Meanwhile, the high density of railway traffic in the vicinity of major cities also prompted the development of control AI to optimize in real time the sequencing of train movements based on the ever-changing actual state of operations. This provided the ability to determine the optimal sequence of train movements and to control their operation accordingly(3).
    3. Generation 2: Swarm control AI for trains
      With the ongoing computerization of systems for conventional railway lines in the major cities, a requirement arose for controlling operations in a way that achieved balance across entire lengths of track rather than just optimizing individual train sequencing.
      As a steady stream of new commuters arrive at platforms during times such as the morning rush hour in large cities, any delay in a train’s arrival will result in a larger than normal number of people wanting to board. This tends to delay the train even longer. As the gap to the preceding train grows larger and larger, this ends up throwing the interval between trains out of balance along the entire length of the line.
      Leveraging the higher performance of computers in this second generation, this led to the development of swarm control AI that monitors the interval between trains along the entire line and optimizes control to keep them as evenly spaced as possible(4).
    4. Generation 3: Prediction AI for all trains
      As improvement efforts by railway operating companies in areas like signaling systems and track design led to higher traffic densities, this raised the issue of how to respond to disruptions in train operations caused by abnormal weather or other incidents such as accidents involving human injury. Higher traffic densities and more diverse operating practices increase the amount of effort required to recover from timetable disruptions, increasing the number of trains involved.
      Accordingly, by having the traffic management system generate continually updated predictions of what the different trains on the network will be doing, and presenting this timeline in visual form, network control staff are able to take pre-emptive action based on this forward-looking view of train movements. In terms of techniques for predicting the future, what Hitachi refers to as third-generation AI is the use of constraint programming to present a view of upcoming events that can serve as a basis for network-wide optimization. Analyses conducted using an operations simulator play an important role in predicting the future. This provides a way to visualize how the plan devised by this third-generation AI will play out over time on an operations simulator that models the actual network and incorporates the various traffic management rules(5).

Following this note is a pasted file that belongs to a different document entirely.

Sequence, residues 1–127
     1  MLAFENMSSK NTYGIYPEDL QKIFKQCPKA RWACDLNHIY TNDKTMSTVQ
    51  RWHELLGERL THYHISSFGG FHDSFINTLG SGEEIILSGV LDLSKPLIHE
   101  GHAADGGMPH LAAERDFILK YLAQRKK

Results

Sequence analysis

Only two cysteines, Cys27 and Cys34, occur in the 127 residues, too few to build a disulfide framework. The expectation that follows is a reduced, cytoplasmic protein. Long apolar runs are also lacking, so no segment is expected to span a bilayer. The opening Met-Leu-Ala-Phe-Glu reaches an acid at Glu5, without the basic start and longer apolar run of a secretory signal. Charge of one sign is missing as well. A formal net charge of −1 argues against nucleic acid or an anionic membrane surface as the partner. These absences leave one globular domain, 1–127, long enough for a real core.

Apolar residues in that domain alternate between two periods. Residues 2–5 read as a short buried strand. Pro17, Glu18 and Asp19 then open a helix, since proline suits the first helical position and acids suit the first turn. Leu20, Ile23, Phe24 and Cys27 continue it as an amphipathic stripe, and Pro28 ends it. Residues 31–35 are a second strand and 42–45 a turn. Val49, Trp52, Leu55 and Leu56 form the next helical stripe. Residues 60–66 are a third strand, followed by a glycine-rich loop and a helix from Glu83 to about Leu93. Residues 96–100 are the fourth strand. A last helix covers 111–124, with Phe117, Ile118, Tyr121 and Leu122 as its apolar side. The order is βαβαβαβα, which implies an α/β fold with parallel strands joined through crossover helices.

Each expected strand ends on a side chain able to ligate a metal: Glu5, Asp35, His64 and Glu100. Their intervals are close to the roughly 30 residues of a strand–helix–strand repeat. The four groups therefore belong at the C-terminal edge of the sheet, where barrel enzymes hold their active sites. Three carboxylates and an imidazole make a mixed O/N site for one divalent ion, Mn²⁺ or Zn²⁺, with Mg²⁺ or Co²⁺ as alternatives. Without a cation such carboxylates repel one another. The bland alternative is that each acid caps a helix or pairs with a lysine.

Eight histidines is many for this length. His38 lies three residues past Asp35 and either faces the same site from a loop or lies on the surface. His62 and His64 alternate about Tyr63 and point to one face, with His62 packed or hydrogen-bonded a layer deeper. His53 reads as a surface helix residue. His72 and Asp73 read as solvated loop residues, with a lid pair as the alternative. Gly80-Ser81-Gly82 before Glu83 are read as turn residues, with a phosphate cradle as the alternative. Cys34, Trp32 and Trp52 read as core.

Figure 1 shows these three generations of AI. These AI techniques remain in use, complementing the operation of railway traffic management systems and running alongside them, not only providing optimal control at railway stations and along the length of railway lines, but also predicting the train movements that will result from this optimal control.

    Figure 1 — Advances in Traffic Management AI and Evolution of TechnologyFigure 1 — Advances in Traffic Management AI and Evolution of TechnologyTraffic management AI has advanced over time to meet the evolving needs for railway transportation.

    Upcoming Challenges for Railway Industry

    Recent years have seen a rise in the number of direct train services that run on different sections of track or on track operated by different railway companies. While such services, when operating normally, are a great convenience for passengers, allowing them to reach various different destinations without having to change trains, they also increase the complexity of railway operations. Similarly, they bring new challenges in terms of how to cope with major changes to timetables brought about by factors such as abnormal weather or COVID-19. Another management challenge that presents itself over a longer timeframe is that of how to pass on the expertise of network control staff against a background that includes an aging population and falling birthrate.

    The need to overcome these challenges has brought rising demand for the application of AI to the task of recovering from timetable disruptions, something that has fallen outside the scope of automation provided by past railway traffic management systems. To facilitate the use of computers to recover from timetable disruptions, methods are available for documenting the expertise of network control staff in how to deal with the disruption of train services, and for then translating this expertise into explicit logic in a computer program. These methods are technically viable and can be relied on over the short term.

    The problem, however, with explicitly specifying the logic of how to recover from timetable disruption in a computer program is that it lacks general applicability. This is due to the need for the program to be rewritten if it is to be used on a different railway line where different practices are used for operation and for dealing with disruptions. This led Hitachi to look at new methods with more general applicability that are based on machine learning.

    Challenges and Solutions for Application of Machine Learning to Social Infrastructure Systems